Late last year I wrote about the changes in marriage laws the UK were considering, Culture Secretary Maria Miller’s historic announcement relieved four main points:
Equal marriage – Same sex couples will be able to marry in civil ceremonies. Religious organisations that wish to conduct marriage for same-sex couples will be able to do so, if they have ‘opted in’
Protection for religions - A series of protections will be built in to primary legislation for those religious organisations and ministers who do not wish to marry same-sex couples
Civil partnerships - will be retained for same-sex couples only. Couples who wish to convert their civil partnership to a marriage will be able to do so
Changing Gender – The law will be changed to allow individuals to change their legal gender without first having to end their marriage
The Bill was published today with Ms Miller saying it will ensure the equal treatment, under the law, of same sex couples. The publication of the Bill is a significant step as many Conservative MPs are not in favour of same sex marriage rights. In an interview with BBC Radio 4’s Today programme she said
We feel that marriage is a good thing and we should be supporting more couples to marry and that is exactly what the proposals being brought forward today do.
But it is about making sure that not only do we recognise the rights of same-sex couples in civil life, but we also recognise that some churches won’t want to participate in same-sex marriages. We are trying to make sure that there are the protections there for churches who feel that this isn’t appropriate for their particular beliefs. We know that there are churches who do want to take part in same-sex marriages, so we have made sure that there are provisions there so they can.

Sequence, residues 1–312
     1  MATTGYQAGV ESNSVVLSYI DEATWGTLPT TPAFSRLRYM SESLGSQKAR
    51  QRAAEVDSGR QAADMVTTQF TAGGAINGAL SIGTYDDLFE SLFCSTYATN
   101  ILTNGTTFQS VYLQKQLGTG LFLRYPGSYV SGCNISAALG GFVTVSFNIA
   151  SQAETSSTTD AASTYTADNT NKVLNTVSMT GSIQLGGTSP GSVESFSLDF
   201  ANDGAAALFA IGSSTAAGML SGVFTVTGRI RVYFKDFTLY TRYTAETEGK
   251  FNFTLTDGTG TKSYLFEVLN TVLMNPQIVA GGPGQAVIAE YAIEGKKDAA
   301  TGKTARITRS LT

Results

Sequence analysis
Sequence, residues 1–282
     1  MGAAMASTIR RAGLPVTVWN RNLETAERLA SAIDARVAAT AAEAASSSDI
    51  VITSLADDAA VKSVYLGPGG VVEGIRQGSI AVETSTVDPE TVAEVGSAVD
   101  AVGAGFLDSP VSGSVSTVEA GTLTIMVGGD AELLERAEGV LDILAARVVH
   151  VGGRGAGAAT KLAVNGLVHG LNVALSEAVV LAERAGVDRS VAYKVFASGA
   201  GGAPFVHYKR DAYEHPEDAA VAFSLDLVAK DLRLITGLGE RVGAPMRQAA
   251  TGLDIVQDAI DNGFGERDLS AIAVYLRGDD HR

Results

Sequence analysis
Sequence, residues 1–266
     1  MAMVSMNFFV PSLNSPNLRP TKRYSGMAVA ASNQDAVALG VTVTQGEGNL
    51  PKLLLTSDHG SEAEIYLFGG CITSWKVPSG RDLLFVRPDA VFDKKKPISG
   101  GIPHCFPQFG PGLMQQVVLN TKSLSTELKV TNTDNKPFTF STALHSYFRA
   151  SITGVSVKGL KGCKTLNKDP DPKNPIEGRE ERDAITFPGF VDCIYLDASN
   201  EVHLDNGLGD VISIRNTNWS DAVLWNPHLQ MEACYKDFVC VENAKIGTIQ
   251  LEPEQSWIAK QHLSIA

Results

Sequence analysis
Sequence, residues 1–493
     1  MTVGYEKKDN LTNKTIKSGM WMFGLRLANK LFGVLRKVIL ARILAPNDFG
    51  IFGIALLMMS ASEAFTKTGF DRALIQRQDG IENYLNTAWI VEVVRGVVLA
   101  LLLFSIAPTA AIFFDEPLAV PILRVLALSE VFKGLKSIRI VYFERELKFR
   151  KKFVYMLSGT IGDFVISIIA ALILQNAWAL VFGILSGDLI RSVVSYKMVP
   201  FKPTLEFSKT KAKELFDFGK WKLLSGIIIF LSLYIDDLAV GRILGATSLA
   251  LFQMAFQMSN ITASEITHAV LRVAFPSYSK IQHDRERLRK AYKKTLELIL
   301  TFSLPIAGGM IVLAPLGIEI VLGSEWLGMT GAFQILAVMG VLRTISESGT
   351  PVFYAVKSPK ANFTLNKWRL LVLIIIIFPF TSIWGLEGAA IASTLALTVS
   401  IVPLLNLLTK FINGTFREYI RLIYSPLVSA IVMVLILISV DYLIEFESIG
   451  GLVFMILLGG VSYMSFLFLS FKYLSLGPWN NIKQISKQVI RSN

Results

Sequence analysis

The protection for religious groups who wish to discriminate against couples has been termed a “quadruple lock”, this does the following
• Ensures that no religious organisation or individual minister can be compelled to marry same-sex couples or to permit this to happen on their premises.
• Provides an opt-in system for religious organisation who wish to conduct marriages for same-sex couples.
• Amends the Equality Act 2010 to reflect that no discrimination claims can be brought against religious organisations or individual ministers for refusing to marry a same-sex couple.
• Ensures that legislation will not affect the canon law of the Church of England or the Church in Wales. As a result, if either church wanted to conduct a same-sex marriage, it would require a change to primary legislation at a later date and a change to canon law.
However Ms Millers has indicated that
I don’t think it is for any government to tell the Church of England what they do when it comes to something which is so central to religious belief
So the controversy in the House of Commons rages on, MPs will begin discussing this issue again on February 5th.
You can view the Bill here